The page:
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Saturday, December 7, 2013
Steve Minaglia, Pioneering Pailolo Two-Way
Escorted by pilot Paul Luuwai from Maui and paddle boarder Blair Norris from Oahu, the 40-year-old Professor at the John A. Burns School of Medicine at the University of Hawaii in Honolulu tells of his adventure that started out in the dark at 5:43 am on D.T. Fleming Beach Park, one of the most popular surfing beaches of Maui.
"In the beginning, I was so afraid. From the escort boat, I swam in pitch black alone to shore for about 200 meters. On the beach, I talked with a gentleman who was scanning the sand for metal.
He asked me what I was doing there and was very kind and encouraging. I didn't want to leave at that point. I swam back out to Blair and Paul. Blair had a flash light in strobe mode, but it was still difficult to find him because of the shore break. This is a risk management area that deserves further evaluation."
He continues to describe the first leg, "I swam to Molokai, to a surf break I believe called 'Rock Point' - the only break on the East side of Molokai in about 5 hours 30 minutes. After walking up to the high water mark, I got back in the water, applied some sun screen, Vaseline, and ate a granola bar. The boat was about a mile out from me, but Blair was able to paddle in behind me up to the beach.
Had I landed on the point, I would have needed to climb up rocks and fight the waves on the way out. The whole day was overcast and the sun never shined. The winds were minimal, there was essentially no surface chop, and the way heights mid-channel were about 6 feet. The conditions seemed optimal for the first leg and most of the second leg. Per the GPS, I had swam about 9.5 miles at this point. I was mainly drinking Gatorade and water and eating bananas for most of this leg. I had gotten sick and vomited around mile 4 and think it was due to trying to eat a Snickers bar."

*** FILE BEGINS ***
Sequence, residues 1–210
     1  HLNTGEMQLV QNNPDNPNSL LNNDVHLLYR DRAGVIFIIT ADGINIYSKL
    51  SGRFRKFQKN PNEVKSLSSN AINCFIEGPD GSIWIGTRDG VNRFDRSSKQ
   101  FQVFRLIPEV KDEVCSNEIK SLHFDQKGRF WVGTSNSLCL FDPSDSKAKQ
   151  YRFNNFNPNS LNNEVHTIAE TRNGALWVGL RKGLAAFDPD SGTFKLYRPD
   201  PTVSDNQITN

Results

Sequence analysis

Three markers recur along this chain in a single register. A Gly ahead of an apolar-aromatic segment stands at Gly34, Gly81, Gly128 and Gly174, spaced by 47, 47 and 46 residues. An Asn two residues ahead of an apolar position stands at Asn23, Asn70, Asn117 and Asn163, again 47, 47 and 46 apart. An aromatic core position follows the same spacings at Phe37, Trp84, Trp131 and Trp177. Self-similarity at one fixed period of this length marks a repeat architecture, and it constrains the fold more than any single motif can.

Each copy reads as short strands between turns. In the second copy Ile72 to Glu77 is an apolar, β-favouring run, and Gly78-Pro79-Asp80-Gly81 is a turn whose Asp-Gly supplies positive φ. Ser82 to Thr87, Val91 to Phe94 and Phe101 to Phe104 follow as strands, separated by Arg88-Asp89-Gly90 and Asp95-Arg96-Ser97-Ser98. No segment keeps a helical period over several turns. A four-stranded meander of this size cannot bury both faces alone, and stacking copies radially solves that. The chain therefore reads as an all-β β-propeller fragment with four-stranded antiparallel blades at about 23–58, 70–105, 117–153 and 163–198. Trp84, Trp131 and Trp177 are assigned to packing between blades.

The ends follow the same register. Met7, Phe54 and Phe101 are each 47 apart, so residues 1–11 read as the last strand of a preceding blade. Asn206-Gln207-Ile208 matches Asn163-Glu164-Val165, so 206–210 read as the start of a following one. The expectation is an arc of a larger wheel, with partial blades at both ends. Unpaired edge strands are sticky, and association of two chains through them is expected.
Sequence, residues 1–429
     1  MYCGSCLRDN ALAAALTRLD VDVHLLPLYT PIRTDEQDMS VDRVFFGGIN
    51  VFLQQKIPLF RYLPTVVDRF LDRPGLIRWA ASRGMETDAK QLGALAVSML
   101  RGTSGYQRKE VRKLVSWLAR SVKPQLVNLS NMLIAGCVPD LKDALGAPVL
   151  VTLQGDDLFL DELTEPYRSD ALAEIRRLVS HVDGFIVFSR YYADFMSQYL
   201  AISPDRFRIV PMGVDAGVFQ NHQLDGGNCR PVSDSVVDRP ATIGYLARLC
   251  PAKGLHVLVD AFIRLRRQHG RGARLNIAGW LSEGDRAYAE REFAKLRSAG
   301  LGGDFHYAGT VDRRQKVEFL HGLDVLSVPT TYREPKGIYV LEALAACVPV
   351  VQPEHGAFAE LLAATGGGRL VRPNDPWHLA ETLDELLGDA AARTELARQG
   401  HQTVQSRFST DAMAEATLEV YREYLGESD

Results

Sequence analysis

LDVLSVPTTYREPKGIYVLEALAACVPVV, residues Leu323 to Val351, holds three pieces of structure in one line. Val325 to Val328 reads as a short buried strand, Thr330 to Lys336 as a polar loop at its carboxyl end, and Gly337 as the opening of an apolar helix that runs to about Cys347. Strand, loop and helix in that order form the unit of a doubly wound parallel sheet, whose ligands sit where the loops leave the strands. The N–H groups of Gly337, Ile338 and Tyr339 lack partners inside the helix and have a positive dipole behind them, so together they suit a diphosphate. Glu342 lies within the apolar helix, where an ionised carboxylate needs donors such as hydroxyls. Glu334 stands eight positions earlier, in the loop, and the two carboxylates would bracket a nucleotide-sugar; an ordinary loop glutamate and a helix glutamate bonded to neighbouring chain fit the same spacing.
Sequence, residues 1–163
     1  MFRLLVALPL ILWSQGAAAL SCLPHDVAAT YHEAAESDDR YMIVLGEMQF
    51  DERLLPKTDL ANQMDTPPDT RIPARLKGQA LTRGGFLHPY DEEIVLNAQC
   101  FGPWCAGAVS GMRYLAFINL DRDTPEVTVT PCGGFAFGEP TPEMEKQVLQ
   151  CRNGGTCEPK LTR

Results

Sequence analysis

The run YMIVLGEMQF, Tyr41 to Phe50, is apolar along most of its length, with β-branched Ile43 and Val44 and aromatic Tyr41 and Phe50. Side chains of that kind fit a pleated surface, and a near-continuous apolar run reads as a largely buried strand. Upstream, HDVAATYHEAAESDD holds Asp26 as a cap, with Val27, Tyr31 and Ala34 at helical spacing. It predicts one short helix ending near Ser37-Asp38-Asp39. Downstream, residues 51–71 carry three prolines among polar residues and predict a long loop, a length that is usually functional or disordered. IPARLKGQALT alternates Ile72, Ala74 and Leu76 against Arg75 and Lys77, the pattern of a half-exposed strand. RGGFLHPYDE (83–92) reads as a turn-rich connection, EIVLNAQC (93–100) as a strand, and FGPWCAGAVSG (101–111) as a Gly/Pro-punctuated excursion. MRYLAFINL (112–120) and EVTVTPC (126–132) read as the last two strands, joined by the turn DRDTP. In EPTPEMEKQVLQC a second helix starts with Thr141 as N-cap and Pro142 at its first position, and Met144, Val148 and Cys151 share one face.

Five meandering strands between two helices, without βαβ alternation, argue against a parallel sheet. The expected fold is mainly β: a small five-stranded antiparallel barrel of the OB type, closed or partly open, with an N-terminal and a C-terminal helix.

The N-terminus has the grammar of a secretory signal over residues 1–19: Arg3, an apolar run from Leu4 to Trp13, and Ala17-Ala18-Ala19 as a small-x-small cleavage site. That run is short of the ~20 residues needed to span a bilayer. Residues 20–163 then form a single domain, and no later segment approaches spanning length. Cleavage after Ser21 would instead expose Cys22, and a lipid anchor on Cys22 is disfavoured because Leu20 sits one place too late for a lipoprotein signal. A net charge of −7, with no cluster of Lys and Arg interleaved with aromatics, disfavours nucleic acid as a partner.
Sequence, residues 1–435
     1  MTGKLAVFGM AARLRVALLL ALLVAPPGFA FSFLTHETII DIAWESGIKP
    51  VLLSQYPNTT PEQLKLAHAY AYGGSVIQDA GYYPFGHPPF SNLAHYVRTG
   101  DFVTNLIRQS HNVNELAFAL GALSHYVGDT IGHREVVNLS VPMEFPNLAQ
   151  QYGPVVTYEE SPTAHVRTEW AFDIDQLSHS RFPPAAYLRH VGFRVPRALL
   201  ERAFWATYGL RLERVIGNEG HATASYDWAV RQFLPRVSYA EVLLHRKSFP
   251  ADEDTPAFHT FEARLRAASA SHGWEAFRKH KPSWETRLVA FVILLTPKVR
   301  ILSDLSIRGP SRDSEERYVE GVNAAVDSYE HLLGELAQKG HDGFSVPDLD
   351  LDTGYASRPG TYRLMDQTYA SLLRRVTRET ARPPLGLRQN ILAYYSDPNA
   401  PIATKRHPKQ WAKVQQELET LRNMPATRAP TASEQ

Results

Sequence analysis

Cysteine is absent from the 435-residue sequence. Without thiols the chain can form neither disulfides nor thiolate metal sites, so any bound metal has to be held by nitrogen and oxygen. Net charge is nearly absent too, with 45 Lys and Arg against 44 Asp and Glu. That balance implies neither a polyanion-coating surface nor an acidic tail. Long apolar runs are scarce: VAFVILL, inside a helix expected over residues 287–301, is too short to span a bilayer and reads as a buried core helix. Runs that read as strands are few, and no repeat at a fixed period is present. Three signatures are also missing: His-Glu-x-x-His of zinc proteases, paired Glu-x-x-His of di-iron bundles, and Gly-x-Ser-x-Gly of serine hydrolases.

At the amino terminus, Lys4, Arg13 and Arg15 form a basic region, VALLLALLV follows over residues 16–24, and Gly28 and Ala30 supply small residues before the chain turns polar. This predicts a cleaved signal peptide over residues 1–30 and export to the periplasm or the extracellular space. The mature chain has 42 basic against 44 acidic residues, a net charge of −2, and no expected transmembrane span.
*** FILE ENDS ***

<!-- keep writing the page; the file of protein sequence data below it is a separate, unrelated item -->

The second leg predictably was tougher, "I swam back to Maui. I told Paul it did not matter where we landed and to find the best line. Ironically, that led us back to Flemmings. I was in heaven for the first part of this leg. I got my rhythm and was cruising again at about 2 miles per hour. Once 6 miles from shore, Paul announced I had a little over 3 miles to go to get to Flemmings.
This is when the conditions suddenly worsened. Although the waves did not appear big there was a lot of shaking from side to side. Twice I was flipped over onto my back. I felt motionless and unable to stroke. Both Paul and Blair, on several occasions, assured me I was still making progress. At 4 pm I had about one mile to go. This mile was the hardest to swim. I am still not sure what was happening in this coastal zone, but I felt buried in it."
He culminated at the beach where he started, "I walked up the shore. I really like details and focus on rules.
Because of the 'high water mark' rule used in channel swimming, I so often run way up the beach because I am so afraid I might not see or actually miss the mark. I think somedays I will just climb a tree. Perhaps I take this too seriously, but I cannot imagine doing something so bold and then blowing it by violating a basic rule. Anyway, one of the videos shows this crazy propensity.
About 20 people met me on the shore many of whom were children. Some gave me water and some just shook my hand. All seemed impressed with the feat.
I will never forget the look on some of the kids faces when one of the dads explained to them what I had just done. It was very sweet to start and end with kind words from complete strangers, and despite feeling alone at times in my quest to double cross Pailolo I had the best support possible."
Blair is an accomplished and fearless waterman. He traveled alongside me the whole swim on a one-man outrigger canoe.
Copyright © 2013 by World Open Water Swimming Association
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